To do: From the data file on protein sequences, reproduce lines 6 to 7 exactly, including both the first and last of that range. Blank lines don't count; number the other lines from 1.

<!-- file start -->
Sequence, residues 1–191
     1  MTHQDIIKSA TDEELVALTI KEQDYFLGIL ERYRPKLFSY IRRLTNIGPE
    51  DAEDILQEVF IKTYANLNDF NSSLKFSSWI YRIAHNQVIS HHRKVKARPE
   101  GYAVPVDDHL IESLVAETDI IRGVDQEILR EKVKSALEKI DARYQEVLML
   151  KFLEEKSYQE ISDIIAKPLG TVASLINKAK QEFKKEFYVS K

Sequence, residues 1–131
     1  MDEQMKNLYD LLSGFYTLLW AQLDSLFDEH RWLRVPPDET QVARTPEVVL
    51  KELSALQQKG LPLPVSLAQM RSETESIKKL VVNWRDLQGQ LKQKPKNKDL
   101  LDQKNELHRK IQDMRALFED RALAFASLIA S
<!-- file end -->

Sequence, residues 1–131
     1  MDEQMKNLYD LLSGFYTLLW AQLDSLFDEH RWLRVPPDET QVARTPEVVL